Be prepared for the unexpected: I went to a hand modeling casting for Vaseline, but after the casting director saw on my compcard that I also did full body modeling I was asked to take some back shots. However, I did not have on the underwear I would have preferred. That day I was wearing boyshorts instead of the normal tan or black thong I wear to go-sees and at modeling jobs.  I did the shots but didn’t felt as prepared. The moral of the story is to expect the unexpected, keep in mind what your compcard shows, and always remember that even if the casting is for one thing–from a hand shot to a shoe–it could involve other aspects. For example: If you go to a casting for shoes, try to make sure your hands also look prepared and polished because for many shoe campaigns the hands are seen putting on the shoe. At ad agency Wongdoody, the mini-models had to read a script with an accent. Luckily some of the girls had one from their hometown or could wing it, but Sundai didn’t have one, so she gave the persona of a shy-girl–which wasn’t far from the nerves she showed, anyway.

Other tips for model go-sees:

  • Know what kind of go-see it is: Most modeling open-calls can be disastrous, and unless you show up  early, you should be prepared for a long wait. Also be cautious that it is not a scam, as there are many modeling scams out there with the Internet these days.

  • The extra effort for the right opportunity can pay off: For a Macy’s commercial go-see I hiked out to Brooklyn, for Victoria’s Secret I traveled to Long Island City in Queens, and I booked both jobs.  Despite having small hands for the Macy’s job, and wearing a size six shoe for the VS job, I showed up with a friendly smile despite the commute, which helped me book the job.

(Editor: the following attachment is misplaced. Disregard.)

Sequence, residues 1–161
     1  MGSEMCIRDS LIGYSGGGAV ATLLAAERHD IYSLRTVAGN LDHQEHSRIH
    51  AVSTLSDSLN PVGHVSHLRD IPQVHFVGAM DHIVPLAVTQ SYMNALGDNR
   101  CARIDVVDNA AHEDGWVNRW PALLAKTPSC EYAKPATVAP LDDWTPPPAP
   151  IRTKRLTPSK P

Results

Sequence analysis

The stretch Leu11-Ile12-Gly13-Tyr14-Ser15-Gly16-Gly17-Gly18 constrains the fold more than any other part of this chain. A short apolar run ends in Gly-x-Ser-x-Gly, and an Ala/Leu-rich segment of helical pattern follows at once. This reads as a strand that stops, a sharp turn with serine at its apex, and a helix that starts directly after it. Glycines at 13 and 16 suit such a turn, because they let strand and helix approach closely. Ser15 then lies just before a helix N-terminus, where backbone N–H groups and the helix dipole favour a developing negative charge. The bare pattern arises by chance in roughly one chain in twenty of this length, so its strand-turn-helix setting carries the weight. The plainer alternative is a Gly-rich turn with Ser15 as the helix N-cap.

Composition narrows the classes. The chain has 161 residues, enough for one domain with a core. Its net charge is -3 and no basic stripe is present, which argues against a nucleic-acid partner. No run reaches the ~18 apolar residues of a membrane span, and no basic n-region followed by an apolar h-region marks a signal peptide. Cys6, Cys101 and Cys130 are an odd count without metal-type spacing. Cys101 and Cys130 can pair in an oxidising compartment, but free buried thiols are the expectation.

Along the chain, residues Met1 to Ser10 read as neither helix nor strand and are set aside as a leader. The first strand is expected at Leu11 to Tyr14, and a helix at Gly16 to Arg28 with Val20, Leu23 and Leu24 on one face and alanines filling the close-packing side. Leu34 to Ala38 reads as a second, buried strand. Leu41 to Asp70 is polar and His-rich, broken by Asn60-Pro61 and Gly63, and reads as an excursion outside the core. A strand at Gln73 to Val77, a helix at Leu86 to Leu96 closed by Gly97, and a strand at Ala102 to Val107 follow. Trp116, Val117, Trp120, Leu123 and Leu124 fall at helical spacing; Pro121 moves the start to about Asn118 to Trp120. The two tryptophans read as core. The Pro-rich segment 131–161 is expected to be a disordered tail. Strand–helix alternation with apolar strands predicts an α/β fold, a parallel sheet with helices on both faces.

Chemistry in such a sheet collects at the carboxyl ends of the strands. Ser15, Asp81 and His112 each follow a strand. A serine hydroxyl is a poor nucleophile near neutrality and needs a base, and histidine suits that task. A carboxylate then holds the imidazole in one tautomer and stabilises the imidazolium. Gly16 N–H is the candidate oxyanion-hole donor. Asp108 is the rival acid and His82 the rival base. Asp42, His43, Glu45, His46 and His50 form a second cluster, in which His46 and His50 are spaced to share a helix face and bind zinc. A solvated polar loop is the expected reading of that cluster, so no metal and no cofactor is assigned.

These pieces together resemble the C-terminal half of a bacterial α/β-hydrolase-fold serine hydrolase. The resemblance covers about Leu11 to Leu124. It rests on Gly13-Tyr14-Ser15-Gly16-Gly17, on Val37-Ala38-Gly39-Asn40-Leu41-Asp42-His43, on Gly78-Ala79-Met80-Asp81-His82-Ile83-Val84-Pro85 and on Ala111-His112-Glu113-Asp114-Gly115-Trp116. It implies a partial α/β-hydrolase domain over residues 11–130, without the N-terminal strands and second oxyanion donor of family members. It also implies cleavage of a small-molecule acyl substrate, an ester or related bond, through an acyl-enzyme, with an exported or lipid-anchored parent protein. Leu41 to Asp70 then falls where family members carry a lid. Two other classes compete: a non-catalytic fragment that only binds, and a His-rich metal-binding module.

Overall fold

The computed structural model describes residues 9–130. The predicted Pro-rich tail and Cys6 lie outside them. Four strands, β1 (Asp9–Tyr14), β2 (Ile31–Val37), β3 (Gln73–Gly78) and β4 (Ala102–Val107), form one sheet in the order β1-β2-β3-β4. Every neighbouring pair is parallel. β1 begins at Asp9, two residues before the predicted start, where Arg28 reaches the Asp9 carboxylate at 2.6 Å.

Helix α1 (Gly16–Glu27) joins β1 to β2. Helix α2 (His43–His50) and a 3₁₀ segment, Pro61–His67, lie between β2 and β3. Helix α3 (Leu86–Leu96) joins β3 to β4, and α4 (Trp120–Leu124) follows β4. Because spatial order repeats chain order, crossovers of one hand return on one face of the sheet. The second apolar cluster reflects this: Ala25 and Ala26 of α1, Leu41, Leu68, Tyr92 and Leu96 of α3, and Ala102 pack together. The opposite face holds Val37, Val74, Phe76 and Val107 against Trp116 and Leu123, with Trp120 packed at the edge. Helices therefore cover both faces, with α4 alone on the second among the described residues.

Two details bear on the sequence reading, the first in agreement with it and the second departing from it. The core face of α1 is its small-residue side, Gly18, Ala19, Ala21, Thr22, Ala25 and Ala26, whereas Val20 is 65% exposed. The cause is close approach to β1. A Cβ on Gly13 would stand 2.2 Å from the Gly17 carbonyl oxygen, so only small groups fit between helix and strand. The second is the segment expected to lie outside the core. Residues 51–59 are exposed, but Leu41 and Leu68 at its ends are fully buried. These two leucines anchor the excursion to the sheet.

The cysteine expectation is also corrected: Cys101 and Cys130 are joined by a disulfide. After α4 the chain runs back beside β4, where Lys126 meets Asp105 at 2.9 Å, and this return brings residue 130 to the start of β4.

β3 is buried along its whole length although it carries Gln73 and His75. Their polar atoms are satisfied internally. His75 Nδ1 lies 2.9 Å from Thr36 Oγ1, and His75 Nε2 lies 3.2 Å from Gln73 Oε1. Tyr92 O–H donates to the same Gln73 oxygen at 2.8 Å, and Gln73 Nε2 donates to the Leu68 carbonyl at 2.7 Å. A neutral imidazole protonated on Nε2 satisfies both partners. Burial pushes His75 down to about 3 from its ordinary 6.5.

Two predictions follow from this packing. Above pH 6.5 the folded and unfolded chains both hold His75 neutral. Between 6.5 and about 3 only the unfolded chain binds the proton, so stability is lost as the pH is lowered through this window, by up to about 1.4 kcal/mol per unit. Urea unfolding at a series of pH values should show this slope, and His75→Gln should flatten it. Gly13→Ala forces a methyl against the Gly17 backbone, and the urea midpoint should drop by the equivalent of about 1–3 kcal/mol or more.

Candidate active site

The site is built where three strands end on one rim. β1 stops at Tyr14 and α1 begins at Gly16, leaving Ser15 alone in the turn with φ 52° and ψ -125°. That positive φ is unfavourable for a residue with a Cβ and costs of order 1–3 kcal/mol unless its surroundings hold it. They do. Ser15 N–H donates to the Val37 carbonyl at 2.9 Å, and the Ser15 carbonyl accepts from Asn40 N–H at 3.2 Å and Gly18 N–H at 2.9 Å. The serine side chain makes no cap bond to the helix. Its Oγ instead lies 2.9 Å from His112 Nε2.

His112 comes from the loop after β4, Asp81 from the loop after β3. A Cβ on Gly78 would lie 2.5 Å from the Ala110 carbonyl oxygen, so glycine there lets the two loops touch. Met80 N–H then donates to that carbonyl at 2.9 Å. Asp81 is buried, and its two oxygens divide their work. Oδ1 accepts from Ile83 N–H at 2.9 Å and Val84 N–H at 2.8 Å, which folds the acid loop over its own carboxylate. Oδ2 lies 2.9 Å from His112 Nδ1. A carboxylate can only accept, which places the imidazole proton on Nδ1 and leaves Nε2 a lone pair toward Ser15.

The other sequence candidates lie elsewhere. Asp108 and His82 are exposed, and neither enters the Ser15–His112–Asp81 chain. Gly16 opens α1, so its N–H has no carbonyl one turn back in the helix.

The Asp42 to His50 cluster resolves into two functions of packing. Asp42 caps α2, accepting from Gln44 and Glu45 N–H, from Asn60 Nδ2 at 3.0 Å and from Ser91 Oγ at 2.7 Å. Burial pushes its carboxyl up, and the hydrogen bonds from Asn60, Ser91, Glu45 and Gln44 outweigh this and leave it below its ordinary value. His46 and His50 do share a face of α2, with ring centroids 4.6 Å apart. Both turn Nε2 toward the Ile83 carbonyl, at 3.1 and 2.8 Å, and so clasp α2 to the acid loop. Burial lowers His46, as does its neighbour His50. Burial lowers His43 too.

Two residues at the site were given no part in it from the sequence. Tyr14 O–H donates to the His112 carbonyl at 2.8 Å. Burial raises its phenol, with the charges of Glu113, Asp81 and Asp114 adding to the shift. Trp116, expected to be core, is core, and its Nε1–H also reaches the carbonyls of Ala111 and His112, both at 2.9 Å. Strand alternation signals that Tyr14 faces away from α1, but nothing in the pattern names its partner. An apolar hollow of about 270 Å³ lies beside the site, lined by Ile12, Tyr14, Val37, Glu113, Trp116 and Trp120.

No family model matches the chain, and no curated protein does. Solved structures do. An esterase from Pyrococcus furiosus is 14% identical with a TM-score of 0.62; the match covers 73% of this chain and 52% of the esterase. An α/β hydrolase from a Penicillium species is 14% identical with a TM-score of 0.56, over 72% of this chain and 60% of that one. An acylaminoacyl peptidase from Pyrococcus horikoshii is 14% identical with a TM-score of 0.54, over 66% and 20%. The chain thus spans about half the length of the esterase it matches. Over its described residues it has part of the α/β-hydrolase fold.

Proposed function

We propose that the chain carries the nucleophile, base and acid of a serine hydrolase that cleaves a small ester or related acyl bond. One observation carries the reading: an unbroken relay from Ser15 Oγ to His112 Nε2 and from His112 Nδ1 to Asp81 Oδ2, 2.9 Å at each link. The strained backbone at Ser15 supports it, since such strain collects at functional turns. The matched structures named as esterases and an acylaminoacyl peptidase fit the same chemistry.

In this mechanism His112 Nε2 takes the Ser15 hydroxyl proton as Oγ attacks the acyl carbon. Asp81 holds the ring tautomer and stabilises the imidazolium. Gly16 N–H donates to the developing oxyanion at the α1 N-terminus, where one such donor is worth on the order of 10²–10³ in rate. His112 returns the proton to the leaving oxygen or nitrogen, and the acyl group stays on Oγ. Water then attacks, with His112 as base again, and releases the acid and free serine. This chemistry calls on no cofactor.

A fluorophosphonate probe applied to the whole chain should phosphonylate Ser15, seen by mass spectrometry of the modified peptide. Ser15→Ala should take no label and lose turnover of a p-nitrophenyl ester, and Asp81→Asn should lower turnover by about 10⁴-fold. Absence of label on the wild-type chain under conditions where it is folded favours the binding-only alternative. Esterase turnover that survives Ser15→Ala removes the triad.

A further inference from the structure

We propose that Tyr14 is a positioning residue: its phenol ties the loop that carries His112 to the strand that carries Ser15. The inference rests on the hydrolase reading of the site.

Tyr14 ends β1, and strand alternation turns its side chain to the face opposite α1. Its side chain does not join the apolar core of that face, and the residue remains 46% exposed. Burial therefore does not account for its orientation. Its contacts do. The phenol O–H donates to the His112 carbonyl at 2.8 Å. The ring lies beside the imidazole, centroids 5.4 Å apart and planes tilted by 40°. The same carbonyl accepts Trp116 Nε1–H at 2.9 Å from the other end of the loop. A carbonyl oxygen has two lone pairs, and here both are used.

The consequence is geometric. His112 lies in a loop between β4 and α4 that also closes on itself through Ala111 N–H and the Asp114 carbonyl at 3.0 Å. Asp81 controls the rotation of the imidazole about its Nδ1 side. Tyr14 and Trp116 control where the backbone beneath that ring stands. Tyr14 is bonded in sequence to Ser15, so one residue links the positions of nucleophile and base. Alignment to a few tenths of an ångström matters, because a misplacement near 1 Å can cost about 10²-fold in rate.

• Have manners and be gracious: It might sound simple, but being gracious and courteous to the product you are modeling does get taken into account. If you try on clothing, jeans, or shoes at a go-see, be kind to them. Hang the dress back up, and put the shoes in a nice row on the floor. Brittany was rightly scorned for placing her shoes on the table during the go-see challenge. Put everything back where you found them, neatly and with respect.

Above all, a go-see is just the model version of an interview. Having confidence, high self-esteem, and the ability to quickly show how well you mesh with the atmosphere and concept of the product or campaign can help you nail the job.

Now go out and put your best foot forward!
Isobella Jade

Isobella Jade is known as one of the tiniest working models out there. She is also the author of Almost 5’4″, her modeling memoir, and the upcoming graphic novel, Model Life: The Journey of a Pint Size Fashion Warrior. Daily Isobella gives modeling insight and advice on her blog on being a shorter-than-average model, and speaks weekly on her radio show called Model Talk. Jade has booked modeling jobs for Marshalls , Victoria ‘s Secret, Easy Spirit, Macy’s, Time Magazine, TLC, and more, and has been featured in The New York Daily News, The New York Times, Allure.com, Page Six, The New York Post, and Nylon.

Read More by Isobella:
Short Model Sensei: You’re Never Too Short to Model! (And More Thoughts on the ANTM Premiere)
Short Model Sensei: Tyra’s No Revolutionary! (Thoughts on ANTM Cycle 13 Ep.3)
Short Model Sensei: How to Get the Most Out of Your Inches (ANTM Ep. 4)
Short Model Sensei: Beauty Gone Bad (Thoughts on ANTM Cycle 13 Ep. 5)
Short Model Sensei: Lackluster Las Vegas (Thoughts on ANTM Cycle 13 Ep.6)

Meghan Carlson

Senior Writer, BuddyTV

Meghan hails from Walla Walla, WA, the proud home of the world’s best sweet onions and Adam West, the original Batman. An avid grammarian and over-analyzer, you can usually find her thinking too hard about plot devices in favorites like The OfficeIt’s Always Sunny in Philadelphia, and How I Met Your Mother. In her spare time, Meghan enjoys drawing, shopping, trying to be funny (and often failing), and not understanding the whole Twilight thing. She’s got a BA in English and Studio Art from Whitman College, which makes her a professional arguer, daydreamer, and doodler.